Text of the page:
During ETC’s Virtual Reality Summit at NAB 2016, ETC VR/AR program lead Phil Lelyveld explained the continuum from augmented reality to virtual reality, adding that most of what we’ll be seeing is a mixed or blended reality. VR is predicted to be worth a tremendous amount of money: Goldman Sachs estimates $18.09 billion in entertainment by 2025, and DigiData puts that number at $30 billion. Among the top things that consumers would like to do with VR now, according to Ericsson ConsumerLab, is examine items when online shopping.
Fifty-seven percent want VR movies, explained Lelyveld, and 55 percent want sports from any angle. Among the high profile current use cases, Toms Shoes on Abbot Kinney is already using VR in a retail store environment; director Robert Stromberg created “The Martian” VR experience; Samsung partnered with Six Flags to add VR to roller coaster rides; and the U.S. presidential debates were covered in VR.
The New York Times, Des Moines Register, Vantage.tv, Endemol are all getting involved, and potential genres include esports and gaming competitions, VR talk shows, travel and tourism, HR and recruiting and consumer education.
With regard to technology, said Lelyveld, ongoing debates are whether to shoot in 2D or 3D and whether to capture native 3D or algorithmic 3D. “There are advocates on both sides,” he noted.
Stitching to create a continuous image and audio are two other major technical issues. He also pointed out Lytro Cinema lightfield camera, which has great potential for volumetric VR in the future. Lelyveld also introduced the concept of presence — the idea that the user is actually in the VR world.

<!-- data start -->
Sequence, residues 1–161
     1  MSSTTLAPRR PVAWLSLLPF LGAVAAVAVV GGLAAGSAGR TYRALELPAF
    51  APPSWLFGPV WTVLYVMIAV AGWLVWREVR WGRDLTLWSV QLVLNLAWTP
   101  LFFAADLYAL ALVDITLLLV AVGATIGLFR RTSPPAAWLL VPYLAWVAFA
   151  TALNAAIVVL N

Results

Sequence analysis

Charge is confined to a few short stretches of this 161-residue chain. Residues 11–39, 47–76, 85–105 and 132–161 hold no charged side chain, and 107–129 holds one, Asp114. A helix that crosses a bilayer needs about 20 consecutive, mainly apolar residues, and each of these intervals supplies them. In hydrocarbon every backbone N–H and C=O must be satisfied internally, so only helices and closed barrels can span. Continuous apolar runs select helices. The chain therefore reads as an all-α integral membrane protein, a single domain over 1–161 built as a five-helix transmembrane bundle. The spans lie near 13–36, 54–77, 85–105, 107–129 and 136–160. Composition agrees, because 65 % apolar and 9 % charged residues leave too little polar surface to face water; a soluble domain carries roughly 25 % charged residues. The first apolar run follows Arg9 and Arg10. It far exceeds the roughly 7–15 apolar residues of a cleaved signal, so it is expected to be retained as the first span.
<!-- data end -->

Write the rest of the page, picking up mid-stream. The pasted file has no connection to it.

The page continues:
“The more senses you engage, the better off you are,” he said. “You have to establish rules and then not break them. The ultimate VR story will be one that knows you’re in the story.”
Social VR may be the killer app. “You can go and meet up with human beings who are avatars in the space and watch a movie as a group experience,” said Lelyveld, who noted that Facebook is working on this application. “It can be extremely engaging.”
Today, people can experience VR at its simplest level as Magic Window, a 360-degree world on a smartphone or tablet. Next up is phone-based mobile VR (Cardboard, Gear); head-mounted displays (Oculus Rift, HTC Vive); and group VR/location-based VR.
Financing VR is a work in progress; advertisers don’t yet see the reason, but Time Warner and Nielsen are conducting a study on how VR affects the subconscious to discover that impact. But even in these early days, said Lelyveld, there are VR advertising agencies; River Studios and Penrose Studios are raising money to create new VR experiences; and UTA signed digital content studio Secret Location, to expand its business in both nontraditional and traditional media.
“The modern era of VR is less than three years old,” concluded Lelyveld. Paraphrasing Q Department chief executive Jacqueline Bosnjak, he added, “In VR storytelling, the inherent limitations of gaming don’t apply. We need to bring cinematic visual and audio craftspeople into this field.”
“Consumers buy experiences, not technologies,” he noted.